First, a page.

South Sound’s health care network has narrowly averted loss of an important program that provides free specialty care for patients in need.
The program is Thurston County Project Access, which is a program of the Thurston Mason County Medical Society created in 2005 to provide diagnostic testing and treatment for patients with acute and urgent medical conditions.
At the heart of the program are the more than 200 physicians, physical therapists, lab technicians and others who generously donate their services free of charge.
Since its inception, Project Access has helped some 1,300 patients, many of whom may have either gone without proper care or turned to hospital emergency rooms for treatment.
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While the doctors donate their time, there are still significant administrative costs associated with running this type of medical emergency program.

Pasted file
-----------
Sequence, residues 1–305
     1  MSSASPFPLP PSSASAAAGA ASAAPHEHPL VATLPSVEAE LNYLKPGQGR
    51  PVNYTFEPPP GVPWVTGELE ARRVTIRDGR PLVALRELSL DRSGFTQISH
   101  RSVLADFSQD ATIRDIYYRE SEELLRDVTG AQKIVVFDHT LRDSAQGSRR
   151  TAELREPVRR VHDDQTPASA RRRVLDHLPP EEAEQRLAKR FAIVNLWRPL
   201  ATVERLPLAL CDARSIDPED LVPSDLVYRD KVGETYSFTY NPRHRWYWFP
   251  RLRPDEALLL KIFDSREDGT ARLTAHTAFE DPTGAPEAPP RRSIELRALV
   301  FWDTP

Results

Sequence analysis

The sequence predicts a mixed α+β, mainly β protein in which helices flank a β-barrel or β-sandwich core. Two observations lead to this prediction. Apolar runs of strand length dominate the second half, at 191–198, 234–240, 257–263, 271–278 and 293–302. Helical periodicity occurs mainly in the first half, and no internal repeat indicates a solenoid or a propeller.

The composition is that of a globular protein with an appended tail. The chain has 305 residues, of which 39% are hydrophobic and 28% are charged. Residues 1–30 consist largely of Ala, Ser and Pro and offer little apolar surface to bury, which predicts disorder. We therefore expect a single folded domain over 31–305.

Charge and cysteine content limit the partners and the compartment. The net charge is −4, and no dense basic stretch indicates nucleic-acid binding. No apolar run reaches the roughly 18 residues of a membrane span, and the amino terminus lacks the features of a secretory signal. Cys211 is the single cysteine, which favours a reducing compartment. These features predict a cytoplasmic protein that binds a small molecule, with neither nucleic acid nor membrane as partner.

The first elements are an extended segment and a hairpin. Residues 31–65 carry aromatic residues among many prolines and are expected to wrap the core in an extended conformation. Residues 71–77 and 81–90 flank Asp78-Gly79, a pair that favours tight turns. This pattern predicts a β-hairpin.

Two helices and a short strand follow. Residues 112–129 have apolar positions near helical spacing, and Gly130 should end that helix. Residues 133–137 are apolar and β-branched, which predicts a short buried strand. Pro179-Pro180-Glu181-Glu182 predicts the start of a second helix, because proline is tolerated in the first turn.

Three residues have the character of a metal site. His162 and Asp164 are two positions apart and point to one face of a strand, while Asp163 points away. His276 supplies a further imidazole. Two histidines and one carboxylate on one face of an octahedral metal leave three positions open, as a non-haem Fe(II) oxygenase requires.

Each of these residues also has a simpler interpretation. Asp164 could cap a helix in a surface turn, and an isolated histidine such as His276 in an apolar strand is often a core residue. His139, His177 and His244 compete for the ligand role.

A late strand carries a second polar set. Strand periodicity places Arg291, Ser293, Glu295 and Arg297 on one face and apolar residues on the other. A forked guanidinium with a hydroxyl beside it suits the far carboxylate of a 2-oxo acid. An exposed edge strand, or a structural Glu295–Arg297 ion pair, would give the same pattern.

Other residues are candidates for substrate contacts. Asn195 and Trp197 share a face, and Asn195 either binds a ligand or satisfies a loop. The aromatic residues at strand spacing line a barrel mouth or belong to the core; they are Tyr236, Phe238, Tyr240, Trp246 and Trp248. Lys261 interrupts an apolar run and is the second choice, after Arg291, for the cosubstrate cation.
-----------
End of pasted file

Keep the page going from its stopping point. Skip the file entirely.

So the medical society was gravely concerned when sources of funding began to evaporate as the economic recession deepened.
The rescue package recently worked out, and good for three years, calls on annual donations of $60,000 from Providence St. Peter Hospital and $15,000 each year from Capital Medical Center to keep Project Access afloat.
The hospitals make likely partners, especially when one of the goals of Project Access is to reduce the number of unnecessary visits to emergency rooms.
Also, the CHOICE Regional Health Network has agreed to adminster and support the project, CHOICE, which administers several other health access programs for the needy and uninsured, is a logical home for Project Access.
To be eligible for Project Access, patients must be 18-to-64 years of age, uninsured, underinsured or living in a household with an income of 200 percent or less of the federal poverty level.
The hope is that Project Access will be enough of a success to generate federal grant funding. Programs such as Project Access are necessary, and will continue to be necessary, in the absence of meaningful health care reform.